There is a bountiful surprise at the State Fair of Texas this year, tucked away in a greenhouse beyond the Star of Texas Ferris wheel and carnival games.
Big Tex Urban Farms is instilling urban agriculture practices to help fill in food deserts of South Dallas. A hydroponic garden is growing cucumbers, tomatoes and a variety of greens along with microgreens and melons.
On display in the Errol McKoy Greenhouse on the Midway are a variety of hydroponic systems — tower and vertical — multiple deepwater culture systems and vine and microgreen beds.
It’s a glimpse into a new, indoor hydroponic garden going into Hatcher Farms, a multifaceted community garden planting a pathway to economic stability in South Dallas/Fair Park.
The Restorative Farms organization is planting crops in raised beds, traditional rows and, coming soon, an indoor hydroponic system housed in a shipping container.
Hatcher Farm plans to have fresh, affordable produce available on market days at local shelters and food pantries. Over time, they'll grow upward of 164,000 servings of vegetables.
“There is nothing we know of like this nationwide,” says Drew Demler, director of horticulture at Big Tex Urban Farms. “Everything that isn’t getting sold will be donated to shelters in the area, just across the street.”
The hydroponic garden on display at the fair marks just the beginning of a three-year plan to make Hatcher Farms a profitable operation serving South Dallas, says equity activist Brad Boa.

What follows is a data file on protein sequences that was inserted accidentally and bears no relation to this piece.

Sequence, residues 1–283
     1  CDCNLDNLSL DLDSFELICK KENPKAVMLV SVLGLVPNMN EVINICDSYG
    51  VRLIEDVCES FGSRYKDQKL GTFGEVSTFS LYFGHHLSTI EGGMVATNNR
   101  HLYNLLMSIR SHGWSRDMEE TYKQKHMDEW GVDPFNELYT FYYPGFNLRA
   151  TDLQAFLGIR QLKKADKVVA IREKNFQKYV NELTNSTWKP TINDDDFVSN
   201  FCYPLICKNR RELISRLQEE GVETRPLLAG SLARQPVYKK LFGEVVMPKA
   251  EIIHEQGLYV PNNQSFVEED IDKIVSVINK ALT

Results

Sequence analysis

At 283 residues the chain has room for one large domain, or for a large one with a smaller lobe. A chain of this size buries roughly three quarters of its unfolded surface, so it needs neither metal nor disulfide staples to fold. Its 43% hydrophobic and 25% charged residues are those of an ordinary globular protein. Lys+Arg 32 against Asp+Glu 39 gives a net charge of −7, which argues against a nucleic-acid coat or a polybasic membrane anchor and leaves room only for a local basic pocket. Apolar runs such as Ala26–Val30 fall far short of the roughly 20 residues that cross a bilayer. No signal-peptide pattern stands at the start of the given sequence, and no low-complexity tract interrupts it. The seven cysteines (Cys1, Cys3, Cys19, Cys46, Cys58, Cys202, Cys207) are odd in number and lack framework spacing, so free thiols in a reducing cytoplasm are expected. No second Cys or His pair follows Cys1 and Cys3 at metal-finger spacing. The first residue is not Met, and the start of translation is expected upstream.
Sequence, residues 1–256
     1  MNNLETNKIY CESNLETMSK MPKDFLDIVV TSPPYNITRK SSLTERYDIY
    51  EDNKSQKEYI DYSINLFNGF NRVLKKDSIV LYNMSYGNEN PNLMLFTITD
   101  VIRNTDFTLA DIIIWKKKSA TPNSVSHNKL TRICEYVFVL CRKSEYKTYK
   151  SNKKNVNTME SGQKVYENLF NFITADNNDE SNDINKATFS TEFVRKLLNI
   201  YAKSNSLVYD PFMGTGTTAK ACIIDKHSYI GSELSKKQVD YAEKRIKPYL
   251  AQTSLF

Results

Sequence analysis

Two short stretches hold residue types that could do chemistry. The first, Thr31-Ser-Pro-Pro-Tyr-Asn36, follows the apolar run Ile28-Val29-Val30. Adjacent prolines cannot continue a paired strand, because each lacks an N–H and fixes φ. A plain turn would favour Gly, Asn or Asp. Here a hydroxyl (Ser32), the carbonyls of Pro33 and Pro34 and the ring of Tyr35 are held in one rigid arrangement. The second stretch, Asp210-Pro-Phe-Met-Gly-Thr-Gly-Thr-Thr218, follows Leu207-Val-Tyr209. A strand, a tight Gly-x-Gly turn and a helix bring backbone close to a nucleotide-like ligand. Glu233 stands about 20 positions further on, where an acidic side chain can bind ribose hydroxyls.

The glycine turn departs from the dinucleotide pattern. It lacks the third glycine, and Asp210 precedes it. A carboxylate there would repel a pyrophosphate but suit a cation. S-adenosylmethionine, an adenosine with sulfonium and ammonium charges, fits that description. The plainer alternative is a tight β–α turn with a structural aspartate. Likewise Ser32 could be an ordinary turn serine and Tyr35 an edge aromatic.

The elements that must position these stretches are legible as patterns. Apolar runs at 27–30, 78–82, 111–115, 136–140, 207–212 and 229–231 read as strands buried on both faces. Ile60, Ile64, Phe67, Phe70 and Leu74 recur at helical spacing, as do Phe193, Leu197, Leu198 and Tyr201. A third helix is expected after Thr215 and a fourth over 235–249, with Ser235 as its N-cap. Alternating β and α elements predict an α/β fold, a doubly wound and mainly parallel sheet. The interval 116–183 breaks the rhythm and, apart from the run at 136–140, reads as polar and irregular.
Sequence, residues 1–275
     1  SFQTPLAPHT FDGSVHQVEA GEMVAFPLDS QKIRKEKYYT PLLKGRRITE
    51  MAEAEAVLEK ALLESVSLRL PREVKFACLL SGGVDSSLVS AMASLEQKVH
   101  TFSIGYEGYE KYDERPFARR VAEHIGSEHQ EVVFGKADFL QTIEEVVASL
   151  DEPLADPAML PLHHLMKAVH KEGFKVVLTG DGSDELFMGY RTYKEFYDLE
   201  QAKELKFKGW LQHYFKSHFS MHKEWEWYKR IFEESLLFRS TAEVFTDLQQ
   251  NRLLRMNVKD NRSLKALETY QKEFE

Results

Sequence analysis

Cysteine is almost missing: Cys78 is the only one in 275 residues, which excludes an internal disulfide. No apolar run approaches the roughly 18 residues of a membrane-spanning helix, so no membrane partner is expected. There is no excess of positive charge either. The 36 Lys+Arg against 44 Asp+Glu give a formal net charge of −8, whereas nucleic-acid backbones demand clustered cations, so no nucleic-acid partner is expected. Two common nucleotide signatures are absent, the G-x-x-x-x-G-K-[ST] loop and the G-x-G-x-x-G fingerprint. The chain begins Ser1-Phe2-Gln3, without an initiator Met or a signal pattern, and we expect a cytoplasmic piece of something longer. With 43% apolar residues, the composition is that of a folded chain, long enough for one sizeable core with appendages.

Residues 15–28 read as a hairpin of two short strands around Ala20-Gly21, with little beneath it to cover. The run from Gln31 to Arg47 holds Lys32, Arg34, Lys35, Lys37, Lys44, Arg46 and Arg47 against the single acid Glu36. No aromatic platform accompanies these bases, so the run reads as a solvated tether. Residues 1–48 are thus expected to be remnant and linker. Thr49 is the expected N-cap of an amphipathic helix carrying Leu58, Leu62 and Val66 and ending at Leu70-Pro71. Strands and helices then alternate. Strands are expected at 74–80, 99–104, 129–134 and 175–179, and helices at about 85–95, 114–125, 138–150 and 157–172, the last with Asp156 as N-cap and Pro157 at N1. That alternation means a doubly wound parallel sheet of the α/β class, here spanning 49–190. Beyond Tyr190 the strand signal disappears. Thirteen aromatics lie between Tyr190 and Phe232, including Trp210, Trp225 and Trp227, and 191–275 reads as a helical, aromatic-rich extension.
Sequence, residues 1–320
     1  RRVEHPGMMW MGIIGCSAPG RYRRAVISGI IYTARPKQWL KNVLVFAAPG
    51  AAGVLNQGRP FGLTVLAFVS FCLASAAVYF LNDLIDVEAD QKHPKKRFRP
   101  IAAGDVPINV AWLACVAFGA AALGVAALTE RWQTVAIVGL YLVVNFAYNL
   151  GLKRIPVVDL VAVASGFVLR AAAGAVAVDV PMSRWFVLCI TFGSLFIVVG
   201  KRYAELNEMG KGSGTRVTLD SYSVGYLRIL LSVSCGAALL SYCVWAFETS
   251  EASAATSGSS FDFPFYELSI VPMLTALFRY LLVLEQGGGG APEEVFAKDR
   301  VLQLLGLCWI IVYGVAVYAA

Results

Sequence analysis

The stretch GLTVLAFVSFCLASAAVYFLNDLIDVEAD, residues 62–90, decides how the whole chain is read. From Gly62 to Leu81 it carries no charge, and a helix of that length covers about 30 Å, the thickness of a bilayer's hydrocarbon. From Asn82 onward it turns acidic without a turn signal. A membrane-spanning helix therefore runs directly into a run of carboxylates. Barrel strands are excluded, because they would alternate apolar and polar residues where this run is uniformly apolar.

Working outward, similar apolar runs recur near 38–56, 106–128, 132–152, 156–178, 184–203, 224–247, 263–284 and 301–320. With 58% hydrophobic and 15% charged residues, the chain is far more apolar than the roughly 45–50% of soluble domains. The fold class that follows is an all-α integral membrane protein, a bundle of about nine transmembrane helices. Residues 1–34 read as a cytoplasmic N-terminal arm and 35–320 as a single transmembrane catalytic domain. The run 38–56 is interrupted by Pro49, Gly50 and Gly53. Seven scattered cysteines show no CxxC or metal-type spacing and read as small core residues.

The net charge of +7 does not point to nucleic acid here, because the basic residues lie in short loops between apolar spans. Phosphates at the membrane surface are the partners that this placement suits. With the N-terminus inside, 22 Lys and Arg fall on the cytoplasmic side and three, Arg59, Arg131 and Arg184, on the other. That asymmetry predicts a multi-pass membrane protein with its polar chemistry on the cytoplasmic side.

“There are so many benefits to an urban farm that helps create sustainable neighborhoods,” Boa says. “It’s an avenue for economic development and being able to stand on your own.”
The plan aspires to employ as many as six people to operate the garden while cultivating community. The neighborhood farm is situated on the northern edge of a vast food desert that encircles the city on Dallas’ southern and western sides.
It’s all just steps away from DART’s Hatcher Station near Fair Park and the Parkdale and Piedmont Addition neighborhoods.
The garden will allow seasonal crops as well as year-round access to nutritional vegetables grown indoors.
Several groups are involved in the project: DART donated the land, Green Mountain Energy’s Sun Club donated $115,000 and Big Texas Urban Farm is getting the farm off the ground. It’s also supported by the city of Dallas, Dallas ISD, Southern Methodist University, Get Healthy Dallas, EarthX, the State Fair of Texas, Hort Americas and Texas A&M AgriLife. It takes a village.
The hydroponic garden is the last phase of Hatcher Farm. The climate-controlled garden will be housed in a shipping container, where lettuce and other greens will be grown year-round.
Impressively, hydroponic gardens use about 85% less water than traditional agriculture.
“Not only are we providing access to greens in an area where they won’t be found otherwise, but also hydroponic gardens are more environmentally friendly,” says Stacy Mehlhoff, Sun Club executive director.
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